Sen. Marco Rubio, R-Fla., was scheduled to appear on seven talk shows Sunday to outline his immigration overhaul plan.
(Photo: Susan Walsh, AP)
WASHINGTON (USA Today) -- Members of a bipartisan group of senators planning to unveil a sweeping immigration bill Tuesday blanketed the Sunday talk shows to begin explaining, and selling, what would be the biggest immigration overhaul in a generation.
Sen. Marco Rubio, R-Fla., started the morning facing questions on FOX News Sunday about the portion of the plan that would allow the nation's 11 million unauthorized immigrants to apply for temporary legal status after the bill becomes law, and eventually let them apply for green cards and U.S. citizenship 10 years later.
Rubio said people who qualified for the temporary status would be barred from receiving federal benefits until at least 13 years after the bill is passed.
"No federal benefits, no food stamps, no welfare, no Obamacare," Rubio said, referring to the health care program pushed by President Obama that became law in 2010. "They have to prove that they're gainfully employed; they have to be able to support themselves so they never become a public charge. These are all the things that they're going to have to do just to keep that status."
Rubio also explained the extensive work that would have to be done to further secure the nation's border before any unauthorized immigrants can get legal status.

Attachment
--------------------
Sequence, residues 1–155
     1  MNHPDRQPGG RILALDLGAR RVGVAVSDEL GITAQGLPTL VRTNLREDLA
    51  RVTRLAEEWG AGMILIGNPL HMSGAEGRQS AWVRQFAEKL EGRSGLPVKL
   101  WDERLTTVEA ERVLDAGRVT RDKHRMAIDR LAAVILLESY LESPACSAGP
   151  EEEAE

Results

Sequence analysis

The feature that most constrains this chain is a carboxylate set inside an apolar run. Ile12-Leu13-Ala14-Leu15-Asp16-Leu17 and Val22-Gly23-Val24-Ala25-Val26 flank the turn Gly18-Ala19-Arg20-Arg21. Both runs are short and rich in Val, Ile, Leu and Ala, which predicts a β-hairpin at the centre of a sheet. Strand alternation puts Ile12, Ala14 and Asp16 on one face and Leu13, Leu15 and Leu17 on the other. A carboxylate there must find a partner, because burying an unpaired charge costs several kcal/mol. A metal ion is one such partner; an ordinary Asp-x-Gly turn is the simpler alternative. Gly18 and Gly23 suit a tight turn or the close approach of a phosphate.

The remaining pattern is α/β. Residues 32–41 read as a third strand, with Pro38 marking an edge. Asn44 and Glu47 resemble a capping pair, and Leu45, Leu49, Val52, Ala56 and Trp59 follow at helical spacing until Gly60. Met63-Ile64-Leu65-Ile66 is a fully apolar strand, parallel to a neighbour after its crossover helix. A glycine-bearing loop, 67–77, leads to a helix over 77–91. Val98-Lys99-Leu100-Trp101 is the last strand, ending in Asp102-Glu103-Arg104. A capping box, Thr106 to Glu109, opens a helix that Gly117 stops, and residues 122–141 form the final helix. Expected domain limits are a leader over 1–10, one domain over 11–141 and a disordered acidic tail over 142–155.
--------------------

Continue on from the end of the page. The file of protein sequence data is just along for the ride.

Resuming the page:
Under the plan, the Department of Homeland Security would have to certify that they are monitoring 100% of the southwest border with Mexico, and capturing at least 90% of the people trying to cross. If those goals are not met within five years, then a new commission would be established to oversee the department's efforts along the border.
Rubio said the E-Verify program, which lets business owners check the immigration status of new hires, would have to be expanded nationwide. And the country would have to establish a program to check every immigrant who enters and exits the country.
"(The bill) puts in place the toughest enforcement measure in the history of the United States, potentially in the world," Rubio said on CBS's Face The Nation, one of the seven shows he was scheduled to appear on Sunday.
Sen. Dick Durbin, D-Ill., one of the other members of the Gang of 8 senators who have been crafting the immigration bill since late January, said they knew it was critical to maintain a focus on border security to satisfy conservative politicians and voters.
"Every Republican at the table said, 'We've got to start with border security. Get that right and we'll stick around for the rest of the conversation,' " Durbin said on FOX News Sunday. "I think we've kept faith on that issue."
Other senators sounded skeptical about the immigration bill on Sunday, arguing that it amounts to a repeat of the 1986 immigration law that allowed up to 3 million unauthorized immigrants to receive legal status without securing the border to stop future flows of illegal immigration.
"So much of it is regaining the public's confidence that the federal government is actually doing its job," Sen. John Cornyn, R-Texas, said on FOX News Sunday. "So until that confidence is restored, on the basis of what the legislation provides, I would have difficulty supporting it."
Sen. Jeff Sessions, R-Ala., was more succinct on ABC's This Week With George Stephanopoulos: "I'm not convinced."
Story by: Alan Gomez, USA TODAY